Wormhole question

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Wormhole question
Assuming the negatove mass produced by exotic matter in something like a mach effect device produces a sort of negative gravity, how many Gs wouod it take to produce a wormhole/warp field, and do we have materials tuat cam hold up to it?
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Re: Wormhole question
Are you referring to the theoretical production of negative mass in an accelerating capacitor (Woodward effect) to be applied to the (also theoretical) Alcumbierre drive?kunkmiester wrote: ↑Fri Jul 03, 2020 1:42 pmAssuming the negatove mass produced by exotic matter in something like a mach effect device produces a sort of negative gravity, how many Gs wouod it take to produce a wormhole/warp field, and do we have materials tuat cam hold up to it?
If yes, than there is no answer to your questions for now as both effects are just mathematical framework construct at the moment and no reproducible experiment has been announced so far, hence there is no real data from which extrapolate a meaningful reply to your questions.
Also, for clarity of understanding, the negative mass that "should" be produced by such a device is in general used to reduce the "apparent mass" of the "spacecraft+negative mass generator" assembly, or , in other words, reduce the apparent density of the space that contains the craft.
The idea of the Alcumbierre drive, in fact, is that the "apparent reduction" in mass generated by the lower density acquired by that area of "space" will allow for a speed boost of the craft inside the bubble in relation to the surrounding universe.
I don't know if you had already this point clear, but is worth mentioning it.
A society of dogmas is a dead society.

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Re: Wormhole question
To expand, for a wormhole, Woodward's book suggests a sphere with Mach effect "resonators(for lack of a better word)" on it. Each one is deiven so the capacitors inside undergo Mach effect fluctuations to produce nagative mass in the capacitors.
Right?
So the capacitors are now repelling the regular mass inside the resonator, the mass of the generator structure, and interacting with each other. A warp drive would be a ring structure.
I'm remembering some of the math involved Jovian equivalents to produce a benign wormhole, meaning each resonator is driving to thousands of gravities perhaps? This is in the math somewhere, assuming someone has done that little bit.
So can a resonator be built that will handle the stresses of holding together under that load?
Right?
So the capacitors are now repelling the regular mass inside the resonator, the mass of the generator structure, and interacting with each other. A warp drive would be a ring structure.
I'm remembering some of the math involved Jovian equivalents to produce a benign wormhole, meaning each resonator is driving to thousands of gravities perhaps? This is in the math somewhere, assuming someone has done that little bit.
So can a resonator be built that will handle the stresses of holding together under that load?
Evil is evil, no matter how small
Re: Wormhole question
kunkmiester wrote: ↑Tue Jul 07, 2020 10:58 pmTo expand, for a wormhole, Woodward's book suggests a sphere with Mach effect "resonators(for lack of a better word)" on it. Each one is deiven so the capacitors inside undergo Mach effect fluctuations to produce nagative mass in the capacitors.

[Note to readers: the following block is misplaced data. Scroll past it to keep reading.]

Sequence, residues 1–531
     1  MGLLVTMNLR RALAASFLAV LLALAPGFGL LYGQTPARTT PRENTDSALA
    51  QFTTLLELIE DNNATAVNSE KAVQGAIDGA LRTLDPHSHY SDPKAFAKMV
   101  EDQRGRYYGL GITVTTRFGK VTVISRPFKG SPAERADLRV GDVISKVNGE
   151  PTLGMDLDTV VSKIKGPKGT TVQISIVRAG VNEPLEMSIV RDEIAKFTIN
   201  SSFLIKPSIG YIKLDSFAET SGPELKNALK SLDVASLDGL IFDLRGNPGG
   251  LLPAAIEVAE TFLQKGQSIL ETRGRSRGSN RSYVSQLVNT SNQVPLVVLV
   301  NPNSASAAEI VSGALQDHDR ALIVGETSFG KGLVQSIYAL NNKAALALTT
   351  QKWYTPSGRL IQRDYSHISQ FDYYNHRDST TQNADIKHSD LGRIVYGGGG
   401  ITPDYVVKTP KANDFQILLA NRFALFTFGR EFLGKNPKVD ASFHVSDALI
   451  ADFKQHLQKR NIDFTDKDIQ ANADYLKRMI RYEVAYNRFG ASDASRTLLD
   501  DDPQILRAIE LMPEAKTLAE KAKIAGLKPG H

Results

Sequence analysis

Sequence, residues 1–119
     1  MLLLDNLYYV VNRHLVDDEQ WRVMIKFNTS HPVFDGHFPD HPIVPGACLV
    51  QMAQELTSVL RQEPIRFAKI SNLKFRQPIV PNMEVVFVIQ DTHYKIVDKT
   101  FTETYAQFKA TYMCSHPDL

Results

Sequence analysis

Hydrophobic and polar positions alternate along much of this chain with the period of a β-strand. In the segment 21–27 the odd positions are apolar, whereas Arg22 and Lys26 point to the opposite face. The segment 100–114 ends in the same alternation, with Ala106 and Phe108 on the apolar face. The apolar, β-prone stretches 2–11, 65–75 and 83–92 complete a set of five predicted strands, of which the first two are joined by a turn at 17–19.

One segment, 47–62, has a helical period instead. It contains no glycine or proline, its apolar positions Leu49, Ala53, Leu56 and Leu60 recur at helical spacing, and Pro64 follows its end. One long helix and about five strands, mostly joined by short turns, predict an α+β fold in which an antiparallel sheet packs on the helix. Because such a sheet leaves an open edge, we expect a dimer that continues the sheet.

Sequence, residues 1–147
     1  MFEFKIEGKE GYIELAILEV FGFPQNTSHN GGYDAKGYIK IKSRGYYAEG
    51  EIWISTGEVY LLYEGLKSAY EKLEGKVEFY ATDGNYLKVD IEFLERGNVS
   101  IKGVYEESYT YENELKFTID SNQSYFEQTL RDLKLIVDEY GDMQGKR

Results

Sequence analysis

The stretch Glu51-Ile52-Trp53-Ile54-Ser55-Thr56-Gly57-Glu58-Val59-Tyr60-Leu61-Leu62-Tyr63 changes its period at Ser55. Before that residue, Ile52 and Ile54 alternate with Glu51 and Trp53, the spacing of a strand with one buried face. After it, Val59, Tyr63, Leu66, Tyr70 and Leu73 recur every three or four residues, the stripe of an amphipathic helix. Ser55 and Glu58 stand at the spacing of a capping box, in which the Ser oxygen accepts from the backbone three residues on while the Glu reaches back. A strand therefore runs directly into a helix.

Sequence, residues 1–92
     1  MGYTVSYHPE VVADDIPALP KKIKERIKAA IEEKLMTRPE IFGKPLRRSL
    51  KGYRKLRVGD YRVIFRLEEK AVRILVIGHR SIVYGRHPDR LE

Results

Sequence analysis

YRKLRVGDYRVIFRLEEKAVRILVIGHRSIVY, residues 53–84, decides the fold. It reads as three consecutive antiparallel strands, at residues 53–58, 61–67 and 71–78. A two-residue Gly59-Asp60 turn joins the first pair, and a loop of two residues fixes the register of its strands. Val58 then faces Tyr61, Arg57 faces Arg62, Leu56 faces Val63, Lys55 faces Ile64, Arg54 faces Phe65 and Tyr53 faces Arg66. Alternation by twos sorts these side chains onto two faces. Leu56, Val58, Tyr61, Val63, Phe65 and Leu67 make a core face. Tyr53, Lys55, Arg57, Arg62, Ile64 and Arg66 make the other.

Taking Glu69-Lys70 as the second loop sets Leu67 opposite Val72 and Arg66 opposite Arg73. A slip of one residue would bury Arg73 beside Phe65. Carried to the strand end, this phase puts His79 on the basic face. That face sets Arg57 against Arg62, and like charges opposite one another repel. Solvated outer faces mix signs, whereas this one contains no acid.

Right?
So the capacitors are now repelling the regular mass inside the resonator, the mass of the generator structure, and interacting with each other. A warp drive would be a ring structure.
I'm remembering some of the math involved Jovian equivalents to produce a benign wormhole, meaning each resonator is driving to thousands of gravities perhaps? This is in the math somewhere, assuming someone has done that little bit.
So can a resonator be built that will handle the stresses of holding together under that load?
Woodward' suggests that acceleration of an object that is charging and discharging energy can create a transient negative mass in the object.
No "negative gravity" or gravitational forces of any type are involved or generated by the Woodward generator (as you can see from the equations used to build the theory).
What should happen is that the charge/discharge of energy should instead create a localized reduction of the density of the volume of space containing the spaceship/generator assembly, thus allowing the engine of the spacecraft to accelerate the ship faster (because the "apparent mass" is now lower due to the lower "apparent density" inside the field).
The first derivation of the equations was done considering a spherical bubble around the ship and the resulting need of negative mass was in the order of the equivalent of the mass of Jupiter (10^24 Tons).
A second work theorized the change of the shape of the field from a sphere to a torus, and the requirement of negative mass dropped from 10^24 Tons to about 1 Ton.
Obtaining a 1 Ton negative mass effect by swinging energy back and forth into this torus, would still mean (in the best case) that the machine should handle energy values in the range of 10^20 J (equal to 20 PetaWh or the total consumption of world energy for 4 months, or the energy content of 1 million Hiroshima bombs).
We don't have the technology at the moment to safely handle even only 10^14 J of energy (20GWh electric power or the energy content of 1 Hiroshima bomb), so you can imagine how far we are from even considering the possibility of testing such a technology and what insane values of mechanical stress would be involved.
Than again, this is ALL just theoretical for now, and until now nothing has been shown to work the way it was theorized, so there is very high chances that the effect will not be real (which I believe is the case).
A society of dogmas is a dead society.